What are three quotes that show Atticus is determined to defend Tom Robinson in To Kill a Mockingbird?
Three quotes that show Atticus is determined to defend Tom Robinson in To Kill a Mockingbird are when Atticus says that he is against "preserving polite fiction at the expense of human life," when he insists that Tom will not die until "the truth's told," and when he takes the radical position in court that while some black people might be immoral, this is "a truth that applies to the human race and to no particular race of men."
When Scout questions Atticus about his role in the Tom Robinson trial, Atticus says the following to her, showing that he is determined to offer Robinson the best defense he can, because it is the right thing to do:
Simply because we were licked a hundred years before we started is no reason for us not to try to win.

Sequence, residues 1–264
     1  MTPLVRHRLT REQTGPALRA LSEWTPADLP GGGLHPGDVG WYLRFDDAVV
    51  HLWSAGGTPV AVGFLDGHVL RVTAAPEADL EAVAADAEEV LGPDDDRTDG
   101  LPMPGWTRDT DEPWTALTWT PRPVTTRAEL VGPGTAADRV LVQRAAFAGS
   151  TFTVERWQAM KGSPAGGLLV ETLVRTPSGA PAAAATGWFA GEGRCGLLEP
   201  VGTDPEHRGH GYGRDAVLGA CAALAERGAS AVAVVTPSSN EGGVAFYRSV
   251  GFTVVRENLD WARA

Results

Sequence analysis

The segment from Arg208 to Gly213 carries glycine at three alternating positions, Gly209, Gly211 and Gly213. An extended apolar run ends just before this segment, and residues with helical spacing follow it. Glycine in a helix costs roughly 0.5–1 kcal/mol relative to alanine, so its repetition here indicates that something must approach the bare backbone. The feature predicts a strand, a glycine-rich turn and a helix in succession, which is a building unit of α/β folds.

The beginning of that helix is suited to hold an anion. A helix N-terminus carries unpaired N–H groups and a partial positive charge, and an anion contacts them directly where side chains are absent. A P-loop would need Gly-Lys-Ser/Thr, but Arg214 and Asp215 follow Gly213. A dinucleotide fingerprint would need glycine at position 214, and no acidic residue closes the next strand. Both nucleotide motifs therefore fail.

Atticus is clearly under pressure from Aunt Alexandra not to fight too hard for Tom Robinson—pressure he deflects by saying the following, which Scout hears:
I walked home with Dill and returned in time to overhear Atticus saying to Aunty, “. . . in favor of Southern womanhood as much as anybody, but not for preserving polite fiction at the expense of human life,” a pronouncement that made me suspect they had been fussing again.
During his closing arguments, Atticus shows his determination to do more than a mock defense of Tom Robinson by pointing out the truth that whites and blacks share a common humanity. Whites can lie and blacks can tell the truth, for all that the racist...
(The entire section contains 2 answers and 914 words.)
check Approved by eNotes Editorial